U.S. Submariners’ Right Stuff

Discussions of warfighting prowess invoke crucial personal and institutional traits, including deep commitment, selfless sacrifice and unflinching daring in the face of danger. They cast uncommon initiative and coolly embracing significant risk as keys to remarkable success amidst the “fog of war”.

While these characteristics have stood out in combat and other high risk environs – and we inherit a vivid legacy of examples from Submarine Force exploits – there is even more beneath the waterline.

The following article, authored by renowned psychologist and columnist Dr. Joyce Brothers, was published following the loss of USS THRESHER in 1963. In the wake of that nationally impacting tragedy, her probing exposé of the psyche of submariners was and remains a revealing set of observations.

The article speaks for itself, with remarkable insight regarding U.S. submariners’ principal strengths, as applicable today as they were in 1963. A fundamental observation is that “… there is nothing dare devilish about [submariners]. They know themselves better than the next …, [and] take every measure to make sure that safety, rather than danger, is maintained…”. In the ever hostile environment of submergence in the open sea, nothing less than that circumspect mindset is warranted, to assure maximum understanding and successful exploitation of the full operating envelope when it must be brought to bear.

Dr. Brothers expressed several of our crucial traits in masculine terms and context (our Submarine Force was male-only, as were many other elements of our society in 1963). One may readily apply gender-common terms to her observations, though. Her observations remain enduringly insightful regarding the intellect, the team-working inclination and the perseverance of all who serve in today’s Submarine Force, who in Dr. Brothers’ words are “… willing[ ] to push themselves a little bit farther and not settle for an easier kind of existence.”

The tragic loss of the submarine THRESHER and 129 men had a special kind of an impact on the nation.....a special kind of sadness, mixed with universal admiration for the men who choose this type of work.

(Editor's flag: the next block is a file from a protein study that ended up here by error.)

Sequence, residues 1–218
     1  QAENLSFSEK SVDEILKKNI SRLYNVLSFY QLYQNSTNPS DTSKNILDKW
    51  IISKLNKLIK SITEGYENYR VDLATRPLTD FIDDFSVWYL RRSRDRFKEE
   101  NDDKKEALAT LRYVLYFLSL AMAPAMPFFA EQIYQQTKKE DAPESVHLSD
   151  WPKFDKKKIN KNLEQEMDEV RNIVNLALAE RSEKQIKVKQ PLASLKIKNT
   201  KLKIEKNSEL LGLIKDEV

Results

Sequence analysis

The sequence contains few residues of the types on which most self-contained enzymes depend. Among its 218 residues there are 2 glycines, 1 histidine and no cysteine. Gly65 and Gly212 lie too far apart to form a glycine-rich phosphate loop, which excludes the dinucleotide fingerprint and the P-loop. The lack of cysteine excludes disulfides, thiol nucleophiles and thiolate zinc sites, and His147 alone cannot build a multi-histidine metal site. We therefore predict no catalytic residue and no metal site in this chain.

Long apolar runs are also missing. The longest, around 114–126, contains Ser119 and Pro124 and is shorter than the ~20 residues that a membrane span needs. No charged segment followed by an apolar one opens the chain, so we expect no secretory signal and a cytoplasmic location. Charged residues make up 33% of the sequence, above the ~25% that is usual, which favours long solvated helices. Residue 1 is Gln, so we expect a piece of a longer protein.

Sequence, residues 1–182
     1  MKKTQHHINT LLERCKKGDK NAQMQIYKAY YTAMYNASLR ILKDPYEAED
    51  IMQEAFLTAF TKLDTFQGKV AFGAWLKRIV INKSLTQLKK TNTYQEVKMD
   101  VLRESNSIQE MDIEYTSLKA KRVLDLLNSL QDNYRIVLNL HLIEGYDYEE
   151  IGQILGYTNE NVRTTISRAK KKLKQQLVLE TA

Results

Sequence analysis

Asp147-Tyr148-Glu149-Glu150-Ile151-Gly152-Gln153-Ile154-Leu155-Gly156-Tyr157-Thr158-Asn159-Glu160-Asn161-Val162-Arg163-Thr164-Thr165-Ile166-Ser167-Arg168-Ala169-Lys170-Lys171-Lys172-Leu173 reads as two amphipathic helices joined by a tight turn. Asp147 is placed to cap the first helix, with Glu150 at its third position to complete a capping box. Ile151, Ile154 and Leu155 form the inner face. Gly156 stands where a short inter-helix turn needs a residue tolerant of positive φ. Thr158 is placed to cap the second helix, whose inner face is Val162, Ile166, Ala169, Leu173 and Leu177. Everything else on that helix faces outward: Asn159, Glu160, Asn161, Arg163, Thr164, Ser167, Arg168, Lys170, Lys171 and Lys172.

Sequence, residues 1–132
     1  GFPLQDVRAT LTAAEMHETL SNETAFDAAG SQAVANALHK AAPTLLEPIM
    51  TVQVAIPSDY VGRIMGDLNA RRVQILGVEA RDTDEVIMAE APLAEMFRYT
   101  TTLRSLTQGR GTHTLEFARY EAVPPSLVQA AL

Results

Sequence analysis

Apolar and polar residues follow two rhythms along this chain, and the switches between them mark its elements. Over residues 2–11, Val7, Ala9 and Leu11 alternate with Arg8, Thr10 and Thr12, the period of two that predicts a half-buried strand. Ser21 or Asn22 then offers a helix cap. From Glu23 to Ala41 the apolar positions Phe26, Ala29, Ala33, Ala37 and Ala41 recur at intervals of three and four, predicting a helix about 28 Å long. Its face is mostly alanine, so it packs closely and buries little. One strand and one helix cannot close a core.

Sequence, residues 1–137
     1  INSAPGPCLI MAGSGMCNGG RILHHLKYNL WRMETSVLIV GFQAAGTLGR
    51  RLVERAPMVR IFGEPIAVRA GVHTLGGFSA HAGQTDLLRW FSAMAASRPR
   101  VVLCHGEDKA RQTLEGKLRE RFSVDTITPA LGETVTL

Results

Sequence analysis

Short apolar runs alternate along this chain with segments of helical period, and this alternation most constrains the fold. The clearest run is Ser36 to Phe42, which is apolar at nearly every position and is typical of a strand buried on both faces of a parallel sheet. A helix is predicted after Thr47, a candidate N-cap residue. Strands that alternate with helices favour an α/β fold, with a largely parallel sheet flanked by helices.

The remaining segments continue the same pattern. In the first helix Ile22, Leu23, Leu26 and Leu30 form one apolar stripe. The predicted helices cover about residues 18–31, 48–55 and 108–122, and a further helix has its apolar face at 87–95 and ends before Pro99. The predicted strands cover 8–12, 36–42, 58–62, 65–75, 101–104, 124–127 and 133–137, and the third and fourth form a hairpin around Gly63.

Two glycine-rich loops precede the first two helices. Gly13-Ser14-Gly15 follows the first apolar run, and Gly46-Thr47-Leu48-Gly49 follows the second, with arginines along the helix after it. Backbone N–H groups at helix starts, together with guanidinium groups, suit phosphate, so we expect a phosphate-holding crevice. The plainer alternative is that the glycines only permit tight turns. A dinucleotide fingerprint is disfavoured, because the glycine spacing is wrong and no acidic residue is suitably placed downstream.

One could not mention the THRESHER without observing, in the same breath how utterly final and alone the end is when a ship dies at the bottom of the sea....and what a remarkable specimen of man it must be who accepts such a risk.

Most of us might be moved to conclude, too, that a tragedy of this kind would have a damaging effect on the morale of the other men in the submarine service and tend to discourage future enlistment. Actually, there is no evidence that this is so.

What is it then, that lures men to careers in which they spend so much of their time in cramped quarters, under great psychological stress, with danger lurking all about them?
Togetherness is an overworked term, but in no other branch of our military service is it given such full meaning as in the “silent service”. In an undersea craft, each man is totally dependent upon the skill of every other man in the crew, not only for top performance but for actual survival. Each knows that his very life depends on the others and because this is so, there is a bond among them that both challenges and comforts them.

All of this gives the submariner a special feeling of pride, because he is indeed a member of an elite corps. The risks, then, are an inspiration rather than a deterrent.

The challenge of masculinity is another factor which attracts men to serve on submarines. It certainly is a test of a man’s prowess and power to know he can qualify for this highly selective service.

However, it should be emphasized that this desire to prove masculinity is not pathological, as it might be in certain dare-devil pursuits, such as driving a motorcycle through a flaming hoop. There is nothing daredevilish about motivations of the man who decides to dedicate his life to the submarine service. He does, indeed, take pride in demonstrating that he is quite a man, but he does not do so to practice a form of foolhardy brinkmanship, to see how close he can get to failure and still snatch victory from the jaws of defeat.

On the contrary, the aim in the submarine service is to battle danger, to minimize the risk, to take every measure to make certain that safety, rather than danger, is maintained at all times.
Are the men in the submarine service braver than those in other pursuits where the possibilty of a sudden tragedy is constant? The glib answer would be to say they are. It is more accurate, from a psychological point of view, to say they are not necessarily braver, but that they are men who have a little more insight into themselves and their capabilities.
They know themselves a little better than the next man. This has to be so with men who have a healthy reason to volunteer for a risk.

They are generally a cut healthier emotionally than others of the similar age and background because of their willingness to push themselves a little bit farther and not settle for an easier kind of existence. We all have tremendous capabilities but are rarely straining at the upper level of what we can do, these men are.

This country can be proud and grateful that so many of its sound, young, eager men care enough about their own stature in life and the welfare of their country to pool their skills and match them collectively against the power of the sea.

(This is a report made by Dr. Joyce Brothers after the loss of the USS THRESHER in 1963.)